Avenue Q is just about my favorite musical of all time. Bloody, Bloody Andrew Jackson edges ahead sometimes depending on my mood, but I can't help but think of my oldest son whenever the first line of Avenue Q's theme song starts leaking from a set of earbuds (which happens with remarkable frequency in my house):
What do you do with a B.A. in English, What is my life going to be? Four years of college and plenty of knowledge, Have earned me this useless degree.
Why does this make me think of my oldest son? Because he's an English major, of course! Well, a Professional Writing major, but still, his minor in theater adds some extra bang for my tuition buck, right?
Removing my tongue from my cheek briefly, I have to tell a quick story about one of my other kids. He's 16 and just had to write a research paper and give an oral report for his English class. He got a B on the written portion, but a D on the oral portion because he didn't look at the audience. He was appalled. "How can I look at the audience when I have to be looking at the board?" he exclaimed.
I naively asked why he had to look at the board. "How else am I supposed to read my PowerPoint?" he responded.
I should have known.
All of a sudden, that BA in English with a minor in theater started to look awfully attractive. I can't think of a more important "21st Century Skill" than communication, whether written or verbal. A bit of theater? Gee, maybe he'll be able to think on his feet and improvise and actually glance away from the projector or his feet and talk to his audience, whether that audience is in a boardroom or a lecture hall. There is nothing more disconcerting than watching a business leader reading from notes or delivering a death-by-PowerPoint presentation, droning on about slides that I could just as easily read myself on a set of handouts. Disconcerting because by the time someone is in a position of leadership, they should be able to speak extemporaneously and yet remarkably common.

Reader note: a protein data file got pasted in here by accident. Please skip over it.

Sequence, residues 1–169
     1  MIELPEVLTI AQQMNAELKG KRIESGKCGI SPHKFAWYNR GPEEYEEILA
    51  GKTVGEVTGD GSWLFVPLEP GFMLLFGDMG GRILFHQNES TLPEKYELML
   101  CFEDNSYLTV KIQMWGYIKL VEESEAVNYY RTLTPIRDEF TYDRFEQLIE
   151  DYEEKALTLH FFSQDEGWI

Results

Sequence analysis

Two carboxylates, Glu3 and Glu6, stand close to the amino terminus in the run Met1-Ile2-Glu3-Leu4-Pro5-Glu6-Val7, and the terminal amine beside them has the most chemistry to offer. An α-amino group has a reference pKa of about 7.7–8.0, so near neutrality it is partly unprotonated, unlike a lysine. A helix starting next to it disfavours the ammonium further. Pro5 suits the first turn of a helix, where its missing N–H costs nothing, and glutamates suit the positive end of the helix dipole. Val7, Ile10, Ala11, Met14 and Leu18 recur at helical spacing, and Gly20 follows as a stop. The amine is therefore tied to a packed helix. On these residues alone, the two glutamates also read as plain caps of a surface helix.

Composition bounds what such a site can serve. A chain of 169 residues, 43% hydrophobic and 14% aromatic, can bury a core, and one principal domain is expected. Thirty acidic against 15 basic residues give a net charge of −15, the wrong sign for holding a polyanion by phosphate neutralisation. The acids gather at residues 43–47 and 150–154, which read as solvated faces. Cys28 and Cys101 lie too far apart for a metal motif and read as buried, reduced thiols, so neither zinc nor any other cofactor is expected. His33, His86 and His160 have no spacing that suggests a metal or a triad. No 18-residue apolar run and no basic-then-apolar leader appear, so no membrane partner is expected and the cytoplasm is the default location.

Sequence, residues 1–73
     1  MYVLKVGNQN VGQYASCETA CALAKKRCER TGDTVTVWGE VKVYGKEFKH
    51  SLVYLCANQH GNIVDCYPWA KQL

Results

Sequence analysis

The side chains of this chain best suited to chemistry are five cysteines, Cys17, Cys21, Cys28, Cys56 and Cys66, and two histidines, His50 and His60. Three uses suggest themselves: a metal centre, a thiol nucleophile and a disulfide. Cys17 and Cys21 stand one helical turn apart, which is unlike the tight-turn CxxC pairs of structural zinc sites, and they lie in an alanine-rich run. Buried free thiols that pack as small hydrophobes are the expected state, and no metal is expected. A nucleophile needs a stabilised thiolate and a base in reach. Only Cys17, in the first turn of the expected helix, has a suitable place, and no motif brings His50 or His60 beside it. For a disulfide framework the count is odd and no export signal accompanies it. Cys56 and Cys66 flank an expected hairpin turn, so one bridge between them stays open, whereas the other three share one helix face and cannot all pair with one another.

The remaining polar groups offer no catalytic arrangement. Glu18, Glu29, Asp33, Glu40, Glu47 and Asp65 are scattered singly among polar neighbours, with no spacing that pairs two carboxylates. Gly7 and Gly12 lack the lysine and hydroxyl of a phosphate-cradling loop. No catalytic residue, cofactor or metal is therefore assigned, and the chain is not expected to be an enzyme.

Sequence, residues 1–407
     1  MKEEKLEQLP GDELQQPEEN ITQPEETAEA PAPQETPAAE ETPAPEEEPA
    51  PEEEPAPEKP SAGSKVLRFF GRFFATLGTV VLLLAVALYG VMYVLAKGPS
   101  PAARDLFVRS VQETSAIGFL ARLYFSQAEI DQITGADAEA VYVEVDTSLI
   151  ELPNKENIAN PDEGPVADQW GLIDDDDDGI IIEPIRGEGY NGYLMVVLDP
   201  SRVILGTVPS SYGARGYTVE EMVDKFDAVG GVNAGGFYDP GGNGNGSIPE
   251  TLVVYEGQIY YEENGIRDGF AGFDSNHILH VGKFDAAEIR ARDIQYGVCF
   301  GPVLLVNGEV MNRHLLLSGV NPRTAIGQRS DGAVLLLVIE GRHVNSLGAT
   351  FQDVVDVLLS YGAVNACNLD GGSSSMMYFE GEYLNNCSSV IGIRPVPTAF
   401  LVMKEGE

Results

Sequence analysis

Kid #3 (the 16-year old) should be so lucky as to have some experience on stage and I could have hugged his English teacher for calling him out on his public speaking. Only a tiny minority of our students graduate high school (or college, for that matter) with the ability to deliver an effective presentation. We should get rid of standardized tests and just make every high school senior give a 15-minute oral presentation on an infographic they prepare with an accompanying slide deck. Anyone who reads their deck or loses their audience before the 15 minutes is up doesn't get to graduate. It's not exactly a "standardized" test, but talk about outcomes-based education!
I don't know what Kid #1 will do with his BA in English (OK, writing...whatever!). Maybe he'll write the next great American novel. Maybe he'll be a marketing rockstar. Maybe he'll write for ZDNet. Maybe he'll be the next Sondheim. It doesn't matter. The more I think about it, the more I wish my doctors had been English majors. Maybe they could at least fake some bedside manner and communicate clearly with their patients. Honestly, an engineer with a BA in English could rule the world. There aren't too many people who can bridge the gap between engineers and users with a truly effective grasp of the English language in all of its forms or present technical concepts without making audience members start gnawing their arms off to escape.
It isn't too much of a stretch to say that a degree in English (or communications, or whatever) might just be one of the more useful and relevant degrees a student could obtain, with applications across a wide variety of disciplines. The point of college remains to learn to think (and master beer pong, of course); that can happen with a degree in biophysics just as easily as a degree in the humanities. That liberal arts major, though, just might have better job prospects in a knowledge economy than the biophysics major who avoided English and public speaking courses like the plague.
I started out as a biophysics major in college. This lasted until I took organic chemistry. I quickly switched to public health which, through a part-time job, morphed into a degree in information systems with a focus on statistical computing and healthcare IT. Interestingly, though, the single class that was more useful to me than any other, where I learned things that I couldn't have learned from a book or online, was a public speaking class.
Useless degree? I think not.